I picked up this cigar in an assortment for a really good deal from the fine folks at Tampa Humidor and I must say, the unknown sampler bags are out of this world in value. You have to make sure you can get them, as they tend to fly off the shelves quickly.
Ever since I had my first bottle of Rioja about 19 years ago (that’s right, I was probably under age!) I’ve been hooked. The dryness of a wine that has plenty of age on it has always appealed to me because the wines of the time spoke of the land, in a different manner than one thinks about when we hear the word terroir.
That first bottle was a 2001 Marque de Riscal. Nice and dry, with plenty of dust and musky flavors to make you think of the wine your old man drank, if he drank wine, the Marque was an introduction to a different style of wine that my heart still has a fondness for.
This is not that. The Cortijo Rioja from 2015 is 100% Tempranillo grape from Spain and none of the familiar dryness was present in this wine. Instead, the wine was more balanced. My unofficial notes from Evernote state:
A rich, deep red color with a ruby nose, that lets out some oak, cherry, and pepper is confirmed by the taste, along with firm tannins, light structure. Oak and hints of light spice follow through on the medium finish.
The first scotch whiskey of the year is a solid one. And a happy accident on my part as the purchase price was mixed up at the store and I had low blood sugar so…
$67 plus tax at Greens Package store on Ponce. 40% ABV.
Aberlour 16 year Double Matured Highland Single Malt
Aged in both sherry and oak casks brings a uniqueness not unheard of in Scotland to this whiskey. The two types of casks are filled and held to age for at least sixteen years before being married.
The flavor profile of this scotch is as follows:
It’s a new year and that means we’ve got a lot more to get through in the realm of smoking and drinking! Yes, the FDA’s bullshit ruling on new cigars will make it very difficult for innovation in flavor but there are plenty of cigars on the market that we will be trying, many of whom slipped in just before the FDA deadline.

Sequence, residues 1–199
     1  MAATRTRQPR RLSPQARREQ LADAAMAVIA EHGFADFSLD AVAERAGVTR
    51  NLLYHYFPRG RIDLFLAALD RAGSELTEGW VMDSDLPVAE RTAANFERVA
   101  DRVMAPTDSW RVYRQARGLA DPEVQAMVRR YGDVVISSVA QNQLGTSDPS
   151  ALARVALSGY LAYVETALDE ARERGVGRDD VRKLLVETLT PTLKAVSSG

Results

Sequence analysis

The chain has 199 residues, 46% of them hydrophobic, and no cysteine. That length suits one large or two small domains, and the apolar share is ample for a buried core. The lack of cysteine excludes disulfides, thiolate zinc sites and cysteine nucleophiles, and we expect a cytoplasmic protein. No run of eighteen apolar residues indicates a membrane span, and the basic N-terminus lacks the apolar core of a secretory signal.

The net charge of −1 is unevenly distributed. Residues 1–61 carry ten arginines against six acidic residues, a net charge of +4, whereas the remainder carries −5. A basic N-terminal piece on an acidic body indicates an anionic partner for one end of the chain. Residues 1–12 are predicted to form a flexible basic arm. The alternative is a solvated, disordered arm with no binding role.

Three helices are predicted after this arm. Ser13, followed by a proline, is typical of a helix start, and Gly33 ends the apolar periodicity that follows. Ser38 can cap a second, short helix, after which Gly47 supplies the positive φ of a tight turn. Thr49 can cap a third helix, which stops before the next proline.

As to drinking? What would you like to see in the new year? Seeing as how I’m in bourbon country, that may be the way I take this for a little while.
Also, there’s a class I’m in the process of developing that’s aimed at writers on drinking, sex, and booze. I’ll probably throw in my two cents about cigars too LOL!
The folks at Highland Cigar Company are still doing tastings on Tuesdays so you’ll get more updates from me on those. Those blog posts will probably be shorter though, due to the amount of notes I can take on a one-ounce pour of any given spirit.
I know I want more wine in my life, and I want more wine education, seeing as how I’ve forgotten much of what I used to know on viticulture and being an oenophile. Maybe I’ll pick random regions from France of Spain and find wines to suit and taste. We will see. All I know is that 2017 promises to be even better for the White Wolf Indulgence lifestyle.
Happy New Year!
For more information – ACC’s Website
Over the holidays I had a chance to get around to drinking without working, and smoking cigars without working, but one of the things I did make sure to take notes on was the bottle of Saint Hilaire 2014 Blanquette De Limoux.
The pertinent details:
Blanquette de Limoux
Grape Blend: Mauzac, chardonnay and chenin blanc – an unusual combination for my palate but I’ll leave my impressions in a moment.
Of course, the Methode Traditionale technique was used and the wine was fermented in the bottle.
Tasting notes had this wine as very crisp, with refreshing tiny bubbles and that slight terroir taste I enjoy about French wine so much. The finish was medium with not really any buttery or creamy notes, though I tasted slight hints of oak. That may have been the cigar, though. Citrus and apple really complimented things as the wine opened up.
A BRIEF HISTORY
Blanquette de Limoux is probably the oldest sparkling wine in the world. We know that in 1531, the Benedictine Monks of the Abbey of Saint-Hilaire were already producing Blanquette de Limoux which certainly makes it France’s Oldest Sparkling Wine preceding Champagne by more than a century.
By 1794 Blanquette de Limoux was well known and appreciated throughout France. About that time, it was discovered by a famous American, Thomas Jefferson.
Among his other talents, the third American President was an expert on French Wines and Blanquette de Limoux, one of his favorites, was an integral part of his wine cellar. In fact, President Jefferson was probably the first person to bring the wine to America.
Today, Blanquette de Limoux has won the acclaim of knowledgeable wine enthusiasts throughout the world.
I’ve been waxing poetic lately about the local finds here in Atlanta/Decatur and this bourbon is no exception. Still with the age statement on it, indicating they haven’t run out of good juice yet, Eagle Rare’s 10 year DPS offering offers the bourbon connoisseur a lighter bodied, yet fully flavored bourbon in the same bottle.
It doesn’t require a cube like the DPS edition of 1792 did, as the alcohol has a perfect balance between mellow and spice to pair with any cigar you want to throw at it.
At the start of the year, I’m going to stock up on different liquors so we can play a new game. Cocktail hour!
Join us Thanksgiving week for a special edition of our weekly Stogies and Spirits Flight Night featuring Buffalo Trace, Eagle Rare and Blanton’s with AVO Classic cigar pairing specials! We’ll also be serving from a special limited Thanksgiving dinner menu made complete with our festive holiday mule cocktail. All this and more, this Tuesday, November 22nd from 6 PM until 10 PM. We hope to see you there!